President Joe Biden signed the Inflation Reduction Act into law this afternoon, which includes sweeping climate and tax initiatives and the biggest change to health care policy since the Affordable Care Act was passed in 2010. The law attempts to address one of the most difficult issues facing the US healthcare system—exploding prescription prices. Medicare will be able to negotiate certain prescription prices thanks to it. It will allow Medicare to negotiate some drug prices and place a $2,000 yearly out-of-pocket maximum for beneficiaries’ medicine costs. Insulin, in particular, became the subject of heated discussion in Congress. The 3.3 million Medicare beneficiaries who use some form of insulin will benefit from the Act’s $35 monthly cap on insulin pricing.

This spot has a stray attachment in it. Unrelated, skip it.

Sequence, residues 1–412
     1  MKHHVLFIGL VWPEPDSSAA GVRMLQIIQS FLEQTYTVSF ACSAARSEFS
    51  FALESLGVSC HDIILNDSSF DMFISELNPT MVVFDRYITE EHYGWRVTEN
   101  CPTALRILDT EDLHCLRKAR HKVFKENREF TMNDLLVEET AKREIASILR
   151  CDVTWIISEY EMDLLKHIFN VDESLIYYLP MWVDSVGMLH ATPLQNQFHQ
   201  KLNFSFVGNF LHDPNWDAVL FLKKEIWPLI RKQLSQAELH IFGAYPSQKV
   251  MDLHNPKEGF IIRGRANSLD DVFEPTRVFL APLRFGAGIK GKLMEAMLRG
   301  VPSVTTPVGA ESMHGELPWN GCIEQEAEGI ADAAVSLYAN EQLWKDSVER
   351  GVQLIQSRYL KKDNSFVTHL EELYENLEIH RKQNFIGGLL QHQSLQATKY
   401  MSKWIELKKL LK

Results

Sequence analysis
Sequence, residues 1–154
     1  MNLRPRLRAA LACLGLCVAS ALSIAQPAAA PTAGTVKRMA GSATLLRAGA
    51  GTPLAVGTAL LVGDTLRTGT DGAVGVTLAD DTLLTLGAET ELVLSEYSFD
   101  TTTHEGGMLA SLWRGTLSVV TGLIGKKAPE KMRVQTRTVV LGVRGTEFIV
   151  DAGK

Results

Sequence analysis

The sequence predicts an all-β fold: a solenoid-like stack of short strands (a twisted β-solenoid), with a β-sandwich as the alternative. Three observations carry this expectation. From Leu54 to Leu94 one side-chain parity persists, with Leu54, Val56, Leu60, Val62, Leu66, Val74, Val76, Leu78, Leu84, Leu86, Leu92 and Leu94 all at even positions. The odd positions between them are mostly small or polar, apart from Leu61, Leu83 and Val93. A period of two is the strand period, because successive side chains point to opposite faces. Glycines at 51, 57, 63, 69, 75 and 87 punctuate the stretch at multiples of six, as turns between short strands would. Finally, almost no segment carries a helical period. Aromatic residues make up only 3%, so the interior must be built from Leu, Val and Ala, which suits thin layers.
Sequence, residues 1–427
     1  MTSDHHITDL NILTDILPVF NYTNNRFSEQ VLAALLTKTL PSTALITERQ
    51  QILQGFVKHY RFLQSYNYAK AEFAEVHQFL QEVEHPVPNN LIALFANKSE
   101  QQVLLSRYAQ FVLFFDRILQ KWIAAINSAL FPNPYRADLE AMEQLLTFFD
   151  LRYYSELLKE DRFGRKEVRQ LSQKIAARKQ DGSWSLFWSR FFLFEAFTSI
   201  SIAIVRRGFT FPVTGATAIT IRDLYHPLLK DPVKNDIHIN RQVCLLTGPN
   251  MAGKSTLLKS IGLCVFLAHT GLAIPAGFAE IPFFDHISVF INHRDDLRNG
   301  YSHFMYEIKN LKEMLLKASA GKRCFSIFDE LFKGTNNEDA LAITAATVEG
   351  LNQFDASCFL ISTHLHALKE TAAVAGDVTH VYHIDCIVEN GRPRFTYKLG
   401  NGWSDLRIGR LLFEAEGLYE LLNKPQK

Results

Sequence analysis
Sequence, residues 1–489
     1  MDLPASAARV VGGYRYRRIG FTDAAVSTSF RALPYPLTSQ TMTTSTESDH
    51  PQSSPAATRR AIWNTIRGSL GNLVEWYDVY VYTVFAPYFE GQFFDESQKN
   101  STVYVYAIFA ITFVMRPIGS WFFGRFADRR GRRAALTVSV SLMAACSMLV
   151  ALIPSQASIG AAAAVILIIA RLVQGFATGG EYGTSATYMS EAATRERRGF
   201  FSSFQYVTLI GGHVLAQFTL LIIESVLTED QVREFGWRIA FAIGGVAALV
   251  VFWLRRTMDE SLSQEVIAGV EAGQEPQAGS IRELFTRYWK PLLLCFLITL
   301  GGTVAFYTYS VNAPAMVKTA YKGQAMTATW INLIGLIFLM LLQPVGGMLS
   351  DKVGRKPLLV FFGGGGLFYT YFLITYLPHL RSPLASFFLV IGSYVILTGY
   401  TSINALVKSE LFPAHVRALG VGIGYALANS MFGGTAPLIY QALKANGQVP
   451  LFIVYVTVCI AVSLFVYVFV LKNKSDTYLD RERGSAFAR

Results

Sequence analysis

Lisa Murdock, chief advocacy officer for the American Diabetes Association, says 25% of insulin users have rationed or skipped doses due to costs, leaving them with impossible choices. The original proposal would have capped the price of insulin for Americans with private health insurance, but Republicans stripped the initiative after the Senate parliamentarian ruled it wouldn’t comply with the budget reconciliation process. What you need to know about the new law and high insulin pricing is provided below.
Insulin has become increasingly expensive in the US, with the average price nearly tripling between 2002 and 2013. This is due to multiple stakeholders and a lack of transparency, making it difficult to trace the source of price increases. Insulin prices have increased due to evergreening, but demand for the latest formulations and middlemen also drive up prices. Pharmacy benefit managers negotiate rebates but don’t share them with payers (Shah, 2023).